I just love my zsh history. It contains all the commands I frequently use and I would basically feel useless as a programmer if I couldn’t do a quick ctrl+R to look back earlier in the day, the week or even last year.

My current configuration is the following:

setopt append_history
setopt extended_history
setopt hist_expire_dups_first
setopt hist_ignore_dups # ignore duplication command history list
setopt hist_ignore_space
setopt hist_verify
setopt inc_append_history
setopt share_history # share command history data

source $HOME/git/zsh-histdb/sqlite-history.zsh
autoload -Uz add-zsh-hook

# source $HOME/git/zsh-histdb/histdb-interactive.zsh
# bindkey '^r' _histdb-isearch

I added histdb two months ago in an attempt at syncing my history across computers (though now I only use one computer, how the turntables…). It stores the history as a sqlite3 database which makes merging and knowing what host contributed what easier. Back then, I made a good call: “import” all the history I had to the histdb database.

At first I was using the interactive histdb search, but I didn’t feel like it was any better than the built-in one so I quickly disabled it.

The drama

Now comes today, where for some reason, zsh decided I didn’t need the last 6 months of my history anymore (I have over 6 years of history, adding up to a 4M file). As mentioned earlier, I felt naked. What was that command that you use to change directory again?

At first I felt desperate, but then I remembered histdb does save everything in a separate database! A quick sqlite3 ~/.histdb/zsh-history.db later and I confirmed everything was there. The only caveat is histdb ignores some commands by default like cd and ls, but that’s not the ones I’m interested in.

I could have re-introduced the interactive reverse search from histdb, but I figured it would be quite straightforward to instead try to re-create a .zsh_history file from the database.

Re-creating .zsh_history

I thought that would be easy. I mean straightforward. I mean, I really thought zsh’s format would be logical right? No. Since I had enabled extended_history, the format is the following (this answer on Stack Overflow helped!):

: timestamp:duration;command

Colon, space, timestamp, colon, duration, semicolon and at last the command. Multiline commands are represented by backslashes but hopefully these are stored as-is in the database.

Let’s export that from the database. It sure looks a lot like csv, so I tried that first, except CSV don’t start with a colon, and don’t mix ; and :, and add quotes when feeling like it. So sqlite’s CSV exporter won’t work.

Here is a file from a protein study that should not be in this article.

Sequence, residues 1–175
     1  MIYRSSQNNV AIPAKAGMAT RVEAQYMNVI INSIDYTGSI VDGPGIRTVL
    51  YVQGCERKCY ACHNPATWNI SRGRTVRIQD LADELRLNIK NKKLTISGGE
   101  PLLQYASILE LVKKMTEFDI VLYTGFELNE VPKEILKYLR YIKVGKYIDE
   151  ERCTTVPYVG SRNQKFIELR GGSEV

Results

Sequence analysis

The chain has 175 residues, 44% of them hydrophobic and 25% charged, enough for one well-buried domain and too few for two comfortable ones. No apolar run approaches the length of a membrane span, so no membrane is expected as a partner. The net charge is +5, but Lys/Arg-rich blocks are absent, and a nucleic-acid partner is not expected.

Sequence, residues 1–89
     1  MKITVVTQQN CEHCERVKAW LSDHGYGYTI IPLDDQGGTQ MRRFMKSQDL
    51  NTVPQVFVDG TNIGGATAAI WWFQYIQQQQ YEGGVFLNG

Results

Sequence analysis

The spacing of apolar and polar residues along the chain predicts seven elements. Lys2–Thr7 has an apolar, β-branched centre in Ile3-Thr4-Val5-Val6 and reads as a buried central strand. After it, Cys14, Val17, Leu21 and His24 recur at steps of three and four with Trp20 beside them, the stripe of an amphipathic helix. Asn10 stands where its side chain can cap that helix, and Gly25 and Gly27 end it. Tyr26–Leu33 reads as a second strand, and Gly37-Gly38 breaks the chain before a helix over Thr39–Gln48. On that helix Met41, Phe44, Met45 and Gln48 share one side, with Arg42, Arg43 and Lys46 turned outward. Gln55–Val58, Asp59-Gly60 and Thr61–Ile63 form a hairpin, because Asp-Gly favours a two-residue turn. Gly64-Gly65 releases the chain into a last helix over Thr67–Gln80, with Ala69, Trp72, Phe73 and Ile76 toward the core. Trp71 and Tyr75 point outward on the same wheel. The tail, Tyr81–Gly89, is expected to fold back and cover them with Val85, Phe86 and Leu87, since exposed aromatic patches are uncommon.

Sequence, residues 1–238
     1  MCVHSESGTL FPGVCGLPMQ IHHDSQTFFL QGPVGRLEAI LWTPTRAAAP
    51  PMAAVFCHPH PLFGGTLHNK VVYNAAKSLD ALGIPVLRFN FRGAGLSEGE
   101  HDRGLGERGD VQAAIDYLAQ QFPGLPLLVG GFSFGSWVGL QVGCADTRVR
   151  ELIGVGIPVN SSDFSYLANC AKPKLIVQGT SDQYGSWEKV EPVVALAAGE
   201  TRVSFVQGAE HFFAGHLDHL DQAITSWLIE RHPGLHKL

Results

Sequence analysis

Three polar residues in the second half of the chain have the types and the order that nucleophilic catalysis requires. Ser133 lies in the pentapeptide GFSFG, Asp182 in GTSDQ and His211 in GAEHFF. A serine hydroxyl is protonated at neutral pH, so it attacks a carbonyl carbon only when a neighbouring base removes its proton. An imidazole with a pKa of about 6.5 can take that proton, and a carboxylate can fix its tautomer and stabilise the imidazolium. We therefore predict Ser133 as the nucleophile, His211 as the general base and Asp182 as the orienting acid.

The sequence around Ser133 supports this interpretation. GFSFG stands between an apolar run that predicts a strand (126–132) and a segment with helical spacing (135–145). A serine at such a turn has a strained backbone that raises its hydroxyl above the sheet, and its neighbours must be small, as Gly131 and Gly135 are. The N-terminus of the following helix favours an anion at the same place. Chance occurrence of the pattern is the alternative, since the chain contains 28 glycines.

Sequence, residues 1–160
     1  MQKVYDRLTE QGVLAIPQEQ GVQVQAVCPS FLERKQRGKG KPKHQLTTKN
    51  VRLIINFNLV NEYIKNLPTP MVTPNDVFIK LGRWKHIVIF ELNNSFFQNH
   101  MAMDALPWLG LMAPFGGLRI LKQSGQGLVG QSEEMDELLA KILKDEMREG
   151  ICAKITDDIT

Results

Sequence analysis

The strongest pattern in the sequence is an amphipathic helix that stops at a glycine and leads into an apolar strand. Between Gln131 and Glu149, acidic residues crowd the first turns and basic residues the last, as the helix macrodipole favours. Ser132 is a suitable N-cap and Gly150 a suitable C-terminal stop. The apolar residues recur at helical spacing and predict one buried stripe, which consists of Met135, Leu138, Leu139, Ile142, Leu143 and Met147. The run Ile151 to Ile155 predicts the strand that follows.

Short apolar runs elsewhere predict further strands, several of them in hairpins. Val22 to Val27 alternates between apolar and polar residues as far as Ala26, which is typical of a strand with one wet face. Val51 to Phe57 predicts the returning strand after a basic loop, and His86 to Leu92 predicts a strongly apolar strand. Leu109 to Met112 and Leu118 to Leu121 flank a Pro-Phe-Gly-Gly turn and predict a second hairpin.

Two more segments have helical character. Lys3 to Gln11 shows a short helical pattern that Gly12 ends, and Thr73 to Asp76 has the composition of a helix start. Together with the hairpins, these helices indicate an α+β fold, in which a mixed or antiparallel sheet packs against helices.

However, sqlite does export to JSON! Ah, finally a standardized format. Using jq, we can process that CSV into the weird zsh_history format, and then replace the file with what we produced, after diffing it a few time with the broken one to be sure we’re matching the format. For me, only the timestamps did change, because I guess zsh changed them when recovering the broken history.

❯ sqlite3 ~/.histdb/zsh-history.db
SQLite version 3.36.0 2021-06-18 18:36:39
Enter ".help" for usage hints.
sqlite> .mode json
sqlite> .once out.json
sqlite> SELECT history.start_time,history.duration,commands.argv FROM history LEFT JOIN commands ON history.command_id = commands.rowid;

This creates a out.json that looks like this:

❯ head out.json   
[{"start_time":1627597143,"duration":0,"argv":"echo \"hello world\""},
{"start_time":1582471606,"duration":0,"argv":"yay -Syu"},

We need to make sure there are not null values as commands though, and also that the durations, sometimes null, are casted to 0. The resulting command is:

SELECT history.start_time AS start_time,IFNULL(history.duration, 0) as duration,commands.argv
FROM history LEFT JOIN commands ON history.command_id = commands.rowid
WHERE commands.argv IS NOT NULL;

We can then process it with jq:

cat out.json | jq -r '.[] | .argv |= sub("(?<=[^\\\\])\n";"\\\\\n";"g") | ": \(.start_time):\(.duration);\(.argv)"' > history

It just means, output the three fields, with : before and then a : and a ; between the fields. It also replaces (sub( call) newlines not containing a bash like backslash with a double backslash (\\) followed by \n, using a postive lookahead:


Regex explanation and tests, because above it looks a bit ugly with escaping:

Then diff to confirm everything looks good:

diff history ~/.zsh_history

Do a backup for good measure:

cp ~/.zsh_history ~/.zsh_history.corrupted.backup

And overwrite:

cat history > ~/.zsh_history

Using the redirection keeps the open file handles valid for anything that might be using this file (like your shell!)

Here’s a one-liner (DO A BACKUP BEFORE):

sqlite3 -json zsh-history.db "SELECT history.start_time AS start_time,IFNULL(history.duration, 0) as duration,commands.argv from history left join commands on history.command_id = commands.rowid WHERE commands.argv IS NOT NULL;" | jq -r '.[] | .argv |= sub("(?<=[^\\\\])\n";"\\\\\n";"g") | ": \(.start_time):\(.duration);\(.argv)"' > ~/.zsh_history

Update: @Neamar suggested using SQL to produce the weird format directly with:

SELECT ": " || history.start_time || ":" || history.duration || ";" || commands.argv FROM history LEFT JOIN commands ON history.command_id = commands.rowid;

However you’re on your own for the multiline post processing and need to add back casting as well.

Restart your shell, and your history is back! Yay!

Hope that helps even only one of you :)